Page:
Resistive-type Superconducting Fault Current Limiter (RSFCL) and Its Application in Power Systems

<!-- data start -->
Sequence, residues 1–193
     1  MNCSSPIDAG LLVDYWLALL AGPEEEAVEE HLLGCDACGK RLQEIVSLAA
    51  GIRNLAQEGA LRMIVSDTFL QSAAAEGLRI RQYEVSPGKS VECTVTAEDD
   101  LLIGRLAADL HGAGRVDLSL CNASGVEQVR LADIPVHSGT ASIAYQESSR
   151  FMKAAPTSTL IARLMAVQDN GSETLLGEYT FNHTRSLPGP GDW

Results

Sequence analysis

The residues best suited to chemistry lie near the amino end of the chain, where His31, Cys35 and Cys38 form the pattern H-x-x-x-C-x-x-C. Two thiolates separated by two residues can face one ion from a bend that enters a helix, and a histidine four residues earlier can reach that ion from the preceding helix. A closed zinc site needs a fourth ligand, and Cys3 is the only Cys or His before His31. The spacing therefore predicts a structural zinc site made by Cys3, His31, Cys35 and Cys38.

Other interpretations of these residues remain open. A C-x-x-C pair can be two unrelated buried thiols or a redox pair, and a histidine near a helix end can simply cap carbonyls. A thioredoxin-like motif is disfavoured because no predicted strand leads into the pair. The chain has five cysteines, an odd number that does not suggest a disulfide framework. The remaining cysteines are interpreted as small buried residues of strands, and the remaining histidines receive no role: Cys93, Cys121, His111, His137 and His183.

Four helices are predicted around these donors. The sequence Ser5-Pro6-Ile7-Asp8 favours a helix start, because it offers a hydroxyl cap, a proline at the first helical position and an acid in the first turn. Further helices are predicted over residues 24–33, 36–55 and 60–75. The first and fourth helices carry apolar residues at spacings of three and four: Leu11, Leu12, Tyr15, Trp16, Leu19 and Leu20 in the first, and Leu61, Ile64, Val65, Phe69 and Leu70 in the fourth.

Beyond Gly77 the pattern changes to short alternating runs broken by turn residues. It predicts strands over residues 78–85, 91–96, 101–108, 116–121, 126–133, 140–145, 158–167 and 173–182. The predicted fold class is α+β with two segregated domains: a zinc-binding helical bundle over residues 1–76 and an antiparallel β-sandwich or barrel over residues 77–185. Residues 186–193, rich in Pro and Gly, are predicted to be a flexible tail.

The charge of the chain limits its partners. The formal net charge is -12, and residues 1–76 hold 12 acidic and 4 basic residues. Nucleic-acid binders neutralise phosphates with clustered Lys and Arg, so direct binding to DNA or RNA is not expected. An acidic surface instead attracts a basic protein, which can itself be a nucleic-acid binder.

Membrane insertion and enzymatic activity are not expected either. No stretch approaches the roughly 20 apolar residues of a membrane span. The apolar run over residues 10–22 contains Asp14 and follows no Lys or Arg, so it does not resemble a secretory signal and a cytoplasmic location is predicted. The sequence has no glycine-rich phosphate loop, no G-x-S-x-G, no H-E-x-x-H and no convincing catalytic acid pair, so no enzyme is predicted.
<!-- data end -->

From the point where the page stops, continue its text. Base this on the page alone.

With the rapid increase in electrical loads, a considerable percentage of global power systems have been stretched to their designed capacity, leading to a sharp rise in the fault current. High fault current levels have severe impact on power systems. They can increase the likelihood of overcurrent damage, which may destroy electrical facilities or even cause system blackout. The resistive-type superconducting fault current limiter (RSFCL) is a device that can help to mitigate the increasing level of fault currents. It can also contribute to the performance, stability and efficiency of electricity grids. In order to promote the RSFCL more effectively, it is essential to study the device itself and conduct simulations regarding the performance and applicability from the system point of view. Chapter 1 and Chapter 2 of this thesis introduced fundamentals of superconductivity and RSFCLs, respectively. In Chapter 3, a power system model was built, and the transient analysis of short-circuit currents was given. Then, the operating principle of RSFCL was explained, and a step-resistance RSFCL model was introduced. To validate the current limiting performance of the SFCL module, wind farm protection schemes were studied under various fault scenarios. After thorough analysis it was concluded that the optimal allocating strategy of SFCLs was the installation of one SFCL at the integrating point of the system model. Chapter 4 presented a comprehensive study on the performance and optimal allocation strategy of RSFCLs. The two power system models used in this chapter were built based on the UK network standard. To assess the impact of incorporating SC material properties on the performance of SFCLs, three different models were compared throughout the study. Although computing time can be reduced when step-resistance and exponential equation models were used, such simplifications led to strong overestimations of the SFCL performance and resulted in wrong conclusion of optimal installing strategies. For both power system models, the simultaneous use of three SFCLs was the best protection strategy in terms of the performance, economic efficiency and reliability of the overall grids. To draw this conclusion, all the potential combinations of two, three, four, and five SFCLs were studied under a wide number of fault scenarios and measuring strategies. In Chapter 5, a series of experiments were performed to study the magnetic field-angular dependence of the critical current of different commercial YBCO samples. We selected ten 2G-HTS tapes with broad differences in width, fabrication process, and laminar structure. The obtained I_c (B,θ) characteristics of HTS samples were applied in the simulation of RSFCLs, showing unneglectable effect on the first peak limiting performance during faults. This study is helpful to the design and simulation of RSFCLs and other HTS applications which require superconducting wires operating inside magnetic fields. In Chapter 6, we presented a High Frequency (HF) AC-assisted quench study of the YBCO conductor. The differences in quench processes triggered by HF AC field were recorded and studied. We found that AC signals of 10 kHz can trigger quench of the HTS tape. Also, the device proved to be effective at guaranteeing uniform quench of the sample. After then, we placed the experimental device in a magnet, to study whether the quench process can be accelerated by external DC magnetic field. It was found that the DC field can reduce the quench time, but its performance was dependent on the amplitude of transport current and the characteristics of HF AC signals. In addition, the angle between the DC magnetic field and the tape surface showed a huge impact on the quench time. Finally, a comprehensive field-angular dependence study about the quench time of the YBCO sample was conducted, revealing the same pattern as J_c (θ,B) dependence of the tape, but with a greater anisotropy. To summarize, this technique showed outstanding performance regarding quench acceleration and tape protection, and therefore has huge potential to be applied in RSFCLs.